Three to Get Ready: A Look at the Legislative District 26 House Race

Trent Humphries

Originally published Aug. 28 in the Tucson Weekly

Republican Trent Humphries was flushed and dripping sweat as he rang a doorbell in the Del Webb neighborhood in northeast Tucson in mid-July. The man who answered wasn’t interested.

“I’m watching the All-Star Game,” the resident complained. “What do you want?”

It wasn’t the warmest greeting that Humphries experienced as he walked door-to-door in an effort to promote his campaign for a House seat in Legislative District 26, which stretches from Saddlebrooke through Oro Valley and across the Catalina Foothills.

But canvassing precincts is one of the old-fashioned ways that Humphries and his fellow LD26 Republicans–Vic Williams and Marilyn Zerull–have been introducing themselves to voters.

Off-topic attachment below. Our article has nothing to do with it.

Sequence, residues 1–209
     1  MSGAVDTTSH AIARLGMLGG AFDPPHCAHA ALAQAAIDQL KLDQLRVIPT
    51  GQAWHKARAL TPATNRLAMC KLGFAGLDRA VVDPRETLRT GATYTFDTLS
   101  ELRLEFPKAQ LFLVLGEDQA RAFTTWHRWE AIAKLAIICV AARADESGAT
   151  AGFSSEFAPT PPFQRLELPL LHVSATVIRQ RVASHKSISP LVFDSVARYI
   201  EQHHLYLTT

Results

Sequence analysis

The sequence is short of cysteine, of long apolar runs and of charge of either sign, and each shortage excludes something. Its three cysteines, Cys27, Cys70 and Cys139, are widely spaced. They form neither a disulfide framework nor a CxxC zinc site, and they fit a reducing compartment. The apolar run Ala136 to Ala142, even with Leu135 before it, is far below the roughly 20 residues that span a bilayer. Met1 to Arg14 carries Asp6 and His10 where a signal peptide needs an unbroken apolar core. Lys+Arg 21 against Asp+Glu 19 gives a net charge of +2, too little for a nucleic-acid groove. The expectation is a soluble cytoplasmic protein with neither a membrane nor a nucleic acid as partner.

Vic Williams

All three are political rookies with little name ID coming into the campaign. Humphries, who owns a computer-repair company, was better known as “Framer,” his nom de guerre on a local blog he began penning during the 2006 election season. Williams retired to Tucson after selling off a successful warehouse-supply business and took up politics as a hobby, helping out with various party functions and organizing a GOP cigar club. Zerull has been a party activist for many years, as well as a volunteer for the Boy Scouts of America.

Even though Republicans have a registration advantage in LD 26, there are no GOP incumbents in the race. One of the House members, Republican Pete Hershberger, is running in the district’s GOP Senate primary against Al Melvin. The other House member is a Democrat, Nancy Young Wright, who is seeking election to the seat after finishing up the term of Lena Saradnik, who stepped down after suffering a stroke.